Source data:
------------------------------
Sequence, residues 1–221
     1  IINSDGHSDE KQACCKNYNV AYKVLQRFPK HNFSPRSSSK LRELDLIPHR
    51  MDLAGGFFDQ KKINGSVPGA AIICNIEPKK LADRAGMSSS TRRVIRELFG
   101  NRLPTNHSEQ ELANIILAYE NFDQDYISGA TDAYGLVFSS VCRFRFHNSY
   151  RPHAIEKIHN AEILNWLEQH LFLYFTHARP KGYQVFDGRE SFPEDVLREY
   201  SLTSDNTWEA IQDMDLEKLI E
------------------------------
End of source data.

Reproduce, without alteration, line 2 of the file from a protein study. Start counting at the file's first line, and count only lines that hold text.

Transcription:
     1  IINSDGHSDE KQACCKNYNV AYKVLQRFPK HNFSPRSSSK LRELDLIPHR